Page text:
A couple who were credited with saving a run-down pub in their village have ended up losing the business after they were “wiped out” by building costs.
Mike Gale and Laura Goodman say they spent more than £400,000 on re-developing and saving the village’s only pub, achieving widespread recognition for pub grub at the Pinkuah Arms, Pentlow, during the time they ran it.
But it closed on Sunday with the couple moving into bed and breakfast accommodation in Clare.
Last orders at the pub, known affectionately as The Pinkers, were called with regulars, friends and neighbours saying farewell to the couple who put on a final Sunday pub dinner for those who wanted to join them to say goodbye.
Guitarist Robbie Gladwell of Cockney Rebel fame agreed to play a farewell two-hour set to wish the couple all the best for the future.
The couple blame the closure of the pub they spent years building up and improving on problems with pub building works.
Then they say they were faced with losing their home and livelihood because of a lack of support from their bank, as a result of the banking crisis.
Mike said: “All of our cash reserves were wiped out.” He added the situation was made worse when the bank failed to deliver a re-mortgage.”
He said the couple had worked hard to put the Pinkuah Arms on the map.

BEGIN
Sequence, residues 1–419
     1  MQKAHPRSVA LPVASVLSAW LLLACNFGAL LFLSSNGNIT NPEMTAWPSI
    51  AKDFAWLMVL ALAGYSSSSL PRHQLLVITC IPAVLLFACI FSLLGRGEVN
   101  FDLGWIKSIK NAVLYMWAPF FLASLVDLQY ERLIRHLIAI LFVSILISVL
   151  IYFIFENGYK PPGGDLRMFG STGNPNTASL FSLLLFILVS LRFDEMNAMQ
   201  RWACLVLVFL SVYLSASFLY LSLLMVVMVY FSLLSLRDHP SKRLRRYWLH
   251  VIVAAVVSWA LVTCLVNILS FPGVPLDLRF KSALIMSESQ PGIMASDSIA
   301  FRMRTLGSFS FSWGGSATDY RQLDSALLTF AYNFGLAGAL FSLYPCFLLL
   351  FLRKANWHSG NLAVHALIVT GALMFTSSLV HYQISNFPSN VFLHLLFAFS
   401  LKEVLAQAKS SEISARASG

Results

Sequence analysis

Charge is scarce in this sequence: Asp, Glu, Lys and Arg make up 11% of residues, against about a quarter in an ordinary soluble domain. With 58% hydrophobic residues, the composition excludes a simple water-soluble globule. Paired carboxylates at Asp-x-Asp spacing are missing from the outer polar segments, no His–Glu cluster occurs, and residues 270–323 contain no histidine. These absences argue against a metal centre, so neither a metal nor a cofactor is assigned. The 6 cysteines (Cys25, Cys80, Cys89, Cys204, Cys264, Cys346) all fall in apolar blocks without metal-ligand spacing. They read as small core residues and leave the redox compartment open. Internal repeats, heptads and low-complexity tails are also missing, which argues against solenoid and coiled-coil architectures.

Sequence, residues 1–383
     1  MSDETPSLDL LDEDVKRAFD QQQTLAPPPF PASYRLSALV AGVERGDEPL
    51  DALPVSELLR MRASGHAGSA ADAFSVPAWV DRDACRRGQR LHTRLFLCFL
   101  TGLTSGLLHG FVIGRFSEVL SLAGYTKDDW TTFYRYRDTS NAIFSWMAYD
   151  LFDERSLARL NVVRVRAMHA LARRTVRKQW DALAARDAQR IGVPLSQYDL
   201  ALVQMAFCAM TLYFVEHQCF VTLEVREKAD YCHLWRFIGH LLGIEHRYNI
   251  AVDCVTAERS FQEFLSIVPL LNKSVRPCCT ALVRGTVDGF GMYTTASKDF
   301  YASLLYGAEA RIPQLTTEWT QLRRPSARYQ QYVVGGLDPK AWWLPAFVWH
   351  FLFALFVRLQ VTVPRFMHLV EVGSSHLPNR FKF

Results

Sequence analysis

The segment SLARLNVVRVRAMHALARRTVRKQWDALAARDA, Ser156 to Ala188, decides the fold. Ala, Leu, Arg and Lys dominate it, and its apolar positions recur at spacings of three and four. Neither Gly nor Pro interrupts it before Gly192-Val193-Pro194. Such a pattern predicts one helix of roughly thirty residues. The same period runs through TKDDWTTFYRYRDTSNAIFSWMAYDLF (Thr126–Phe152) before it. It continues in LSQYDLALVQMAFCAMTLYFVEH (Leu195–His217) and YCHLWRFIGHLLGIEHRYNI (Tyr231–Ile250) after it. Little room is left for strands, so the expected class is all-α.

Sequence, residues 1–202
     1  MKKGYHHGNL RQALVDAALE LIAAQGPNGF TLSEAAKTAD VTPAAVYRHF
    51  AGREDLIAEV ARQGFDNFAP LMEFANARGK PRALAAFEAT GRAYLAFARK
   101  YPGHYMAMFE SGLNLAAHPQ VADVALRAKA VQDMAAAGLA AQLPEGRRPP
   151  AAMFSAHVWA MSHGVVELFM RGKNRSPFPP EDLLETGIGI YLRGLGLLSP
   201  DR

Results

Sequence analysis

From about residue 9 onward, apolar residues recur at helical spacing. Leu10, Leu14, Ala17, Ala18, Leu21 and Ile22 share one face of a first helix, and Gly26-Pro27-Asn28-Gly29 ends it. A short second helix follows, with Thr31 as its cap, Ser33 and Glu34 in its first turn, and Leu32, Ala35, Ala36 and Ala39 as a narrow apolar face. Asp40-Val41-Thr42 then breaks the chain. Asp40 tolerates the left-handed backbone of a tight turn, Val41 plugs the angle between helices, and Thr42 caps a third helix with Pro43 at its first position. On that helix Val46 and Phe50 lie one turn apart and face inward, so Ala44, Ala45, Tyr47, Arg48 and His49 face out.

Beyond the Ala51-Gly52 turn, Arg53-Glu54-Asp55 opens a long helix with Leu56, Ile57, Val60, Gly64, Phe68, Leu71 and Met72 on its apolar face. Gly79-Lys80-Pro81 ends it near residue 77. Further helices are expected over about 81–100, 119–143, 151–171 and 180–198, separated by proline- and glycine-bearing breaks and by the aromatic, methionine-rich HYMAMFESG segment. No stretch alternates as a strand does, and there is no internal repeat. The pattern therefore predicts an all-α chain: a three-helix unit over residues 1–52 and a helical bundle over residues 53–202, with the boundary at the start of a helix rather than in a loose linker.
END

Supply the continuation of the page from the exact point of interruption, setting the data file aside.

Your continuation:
In their nearly six years of ownership they achieved widespread recognition for the quality of Laura’s cooking and the international flavour of the menu, especially her famed Italian dishes.
In addition, it had been featured in the CAMRA Real Ale pub guide for the past four years because the couple had improved the quality and range of beers and wines.
Added Mike: “The Pinkers has also been a first rung on the employment ladder for many of Pentlow and Foxearth’s youngsters.
“Often starting as a pot wash, some 20-plus local kids went on to learn so much more about food and customer service under Laura’s wing.”
“I really want to thank all of our staff for their hard work and support over the years”, said Laura.
“We couldn’t have achieved what we did without them.
“Also, both of us would like to say a big thank you and farewell to the loyal customers and friends that have made this journey so much fun, despite the heartache of losing our home and livelihood.”
Pentlow parish council clerk June Turner said the whole village was very saddened by the couple’s departure and the loss of the only pub.
“I know the village would like to see it stay as a pub rather than become a residential property but we will have to wait and see.
“It’s a great shame and everyone is going to miss it.
“Laura is Italian and she is a wonderful chef. The village has definitely lost a very good amenity.”
A neighbour in Pinkuah Lane who lives near the pub but asked not to be named, said the couple were going to be missed as the pub had been the only place for entertainment.
“It was great being able to walk to the pub and not have to worry. Now we have to go into Sudbury if we want any kind of entertainment, or a drink, and there is always the problem of drinking and driving.
“I think a lot of people here will miss having the pub on their doorsteps.”